This time of year in Chapel Hill can be a bit dull. With students home with their families, the normally thriving bars and restaurants of Franklin Street are all but abandoned, leaving townies to themselves. It’s when the students are gone that you are most aware this is a college town; their absence conspicuously noticeable. But the yearly month-long lull in the action around the holidays is a perfect time to reflect on the year and look ahead to the coming one. 

So, at the risk of this sounding like a holiday letter from an acquaintance you no longer keep up with or care about, here’s what’s been going on in Chapel Hill over the last year and some things to expect in 2015. 

• This past year, startup incubator 1789 Venture Lab and accelerator Launch Chapel Hill celebrated one year in existence. Launch was conceived in a unique partnership between the county, town, university and a private donor. It just graduated a 2nd cohort of ventures and will be taking on a third in January. 
• One of Launch’s first graduates, Keona Health, decided to stay in Chapel Hill after securing $2.5 million in funding this year as well as a Small Business Technology Development grant from the National Institute of Health and a One North Carolina Small Business Fund Grant. Keona, a triage software platform for healthcare centers that was born out of UNC, now has their own office space in Chapel Hill. 
• 1789 Venture Lab, the startup space for UNC students made some big strides in 2014. The incubator graduated two ventures into Launch and is sending another three there in January. 
• Among those companies is UConnection, a dining and nightlife mobile app that gives students discounts at participating venues. Taylor Meyer and Zach Hunter started the company when they were undergrads at UNC and are now expanding the company into Raleigh and Madison, Wisconsin. 
• Another UNC success story, Sweeps, is expanding throughout North Carolina in the coming year. Like UConnection, founder Morris Gelblum launched Sweeps when he was still an undergrad at Carolina. Morris and his team have built the company purely through hard work and bootstrapping. The company that connects college students looking for work with customers who need odd jobs done just set up shop in Asheville, Boone, Charlotte, Greensboro and Winston-Salem. 
• UNC-born startup, Nugget Comfort recently launched its product after hitting a Kickstarter goal in less than 24 hours. The company has since nearly tripled the original goal of $20,000. The company makes foam futon-alternative couches that will soon be available for purchase on the Rooms To Go and Wayfair websites. Nugget will use the Kickstarter funds to cover insurance costs associated with doing business with major retailers. 
• Chapel Hill apparel company Thrill City is partnering with UNC alumnus and Denver Nuggets point guard Ty Lawson. The brand made national headlines this year when the Milwaukee Bucks’ John Henson was photographed wearing the company’s SCAM t-shirt, a not so subtle jab at the NCAA’s policy of amateurism which denies momentary compensation to its “student-athletes.” There is no word yet on the whether or not the NCAA considers Lawson’s investment an improper benefit. Let’s hope Thrill City stays eligible in 2015.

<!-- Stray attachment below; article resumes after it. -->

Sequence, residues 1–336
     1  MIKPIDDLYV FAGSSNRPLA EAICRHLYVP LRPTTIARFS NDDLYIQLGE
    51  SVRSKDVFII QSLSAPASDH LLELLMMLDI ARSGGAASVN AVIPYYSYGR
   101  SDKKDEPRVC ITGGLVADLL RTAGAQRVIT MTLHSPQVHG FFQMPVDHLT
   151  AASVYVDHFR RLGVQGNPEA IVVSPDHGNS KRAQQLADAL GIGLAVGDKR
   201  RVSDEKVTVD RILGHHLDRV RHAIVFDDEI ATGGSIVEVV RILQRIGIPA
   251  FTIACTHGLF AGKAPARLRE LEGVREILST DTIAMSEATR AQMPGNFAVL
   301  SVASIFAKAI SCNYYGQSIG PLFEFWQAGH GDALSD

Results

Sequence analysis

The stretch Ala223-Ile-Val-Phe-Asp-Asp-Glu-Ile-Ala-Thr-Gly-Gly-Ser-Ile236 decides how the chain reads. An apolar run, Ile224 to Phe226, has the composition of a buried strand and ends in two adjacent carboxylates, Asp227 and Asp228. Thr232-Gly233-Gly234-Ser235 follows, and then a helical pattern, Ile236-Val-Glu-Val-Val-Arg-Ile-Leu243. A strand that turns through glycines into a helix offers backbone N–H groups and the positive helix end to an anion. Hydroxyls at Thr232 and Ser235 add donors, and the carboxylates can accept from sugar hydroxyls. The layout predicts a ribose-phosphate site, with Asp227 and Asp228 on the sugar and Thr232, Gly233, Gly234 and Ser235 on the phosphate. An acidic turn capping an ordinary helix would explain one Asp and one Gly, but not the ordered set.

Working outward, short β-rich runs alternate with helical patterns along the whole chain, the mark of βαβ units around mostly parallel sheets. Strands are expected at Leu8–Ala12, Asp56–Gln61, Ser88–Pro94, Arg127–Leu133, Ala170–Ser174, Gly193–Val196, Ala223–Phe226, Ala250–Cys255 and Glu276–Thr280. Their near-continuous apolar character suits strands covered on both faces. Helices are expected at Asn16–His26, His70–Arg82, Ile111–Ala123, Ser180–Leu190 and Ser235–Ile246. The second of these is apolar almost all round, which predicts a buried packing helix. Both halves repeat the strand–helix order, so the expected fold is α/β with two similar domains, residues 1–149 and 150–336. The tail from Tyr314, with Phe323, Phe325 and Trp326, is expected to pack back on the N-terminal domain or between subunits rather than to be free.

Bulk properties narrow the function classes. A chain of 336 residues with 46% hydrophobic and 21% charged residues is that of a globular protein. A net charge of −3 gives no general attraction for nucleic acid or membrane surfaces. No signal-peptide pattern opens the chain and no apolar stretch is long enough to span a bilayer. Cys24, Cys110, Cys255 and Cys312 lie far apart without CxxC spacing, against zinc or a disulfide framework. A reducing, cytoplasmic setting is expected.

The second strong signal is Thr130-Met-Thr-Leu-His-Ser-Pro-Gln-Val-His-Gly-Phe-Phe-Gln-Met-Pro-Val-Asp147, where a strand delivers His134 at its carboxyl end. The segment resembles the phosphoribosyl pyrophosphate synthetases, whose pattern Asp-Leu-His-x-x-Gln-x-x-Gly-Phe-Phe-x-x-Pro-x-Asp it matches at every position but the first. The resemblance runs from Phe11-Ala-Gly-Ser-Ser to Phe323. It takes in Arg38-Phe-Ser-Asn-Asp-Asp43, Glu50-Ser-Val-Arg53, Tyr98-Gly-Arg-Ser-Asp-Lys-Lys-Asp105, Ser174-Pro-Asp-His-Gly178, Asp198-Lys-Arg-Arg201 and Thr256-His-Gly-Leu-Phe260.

• The CUBE, UNC’s hub for social innovation, turns three years old in 2015. At an alumni event in New York this past April, Kerry Kennedy, Bobby Kennedy Jr. and MSNBC’s Ed Schultz were in attendance to congratulate the Campus Y and CUBE on the organizations’ work in advancing social justice. 
• The Eshelman School of Pharmacy received a gift of $100 million from alumnus and founder of Pharmaceutical Product Development and Furiex Pharmaceuticals Fred EshelmanThe gift is the largest from an individual in the university’s history and will go toward creating the Eshelman Institute for Innovation. The Institute will provide faculty with resources to pursue research intended to fuel economic development. 
• The Kenan-Flagler Business School established the Adams Apprenticeship, a program designed to give current student-entrepreneurs access to a network of UNC alumni mentors. The year-long program is open to undergraduates in their junior year from any major and first-year MBA students. 
• The university has a new Makerspace that includes 3D printers, 3D scanners, design and modeling materials and electronics. This is a huge development for students who are interested in creating physical products. Any student can access the space and build a prototype with little technical knowledge. Entrepreneurs will no longer have to pay hundreds or thousands of dollars to third parties to build an MVP, making lean startup methodology an easier proposition for designers. 
• The Carolina Challenge celebrated its ninth year with the annual pitch party, the competition’s kick-off event, in Kenan Stadium this year. Hundreds of students, faculty and judges participated with thousands of dollars in prizes awarded. The regular competition begins in February and will include several elimination rounds culminating in finals in April. 
• The School of Journalism’s Reese News Lab and PBS hosted MediaShift, a conference and hackathon designed to engage students to address challenges in today’s media. Ten universities from across the country participated in the weekend-long event in June. The Reese News Lab continues to build momentum itself, spinning off its first startup and putting compelling ideas into the world to change the media business in the future. 
With 2015 and the second semester fast approaching, what else might happen in Chapel Hill this school year? Shoot us an email at to make your predictions, or comment below.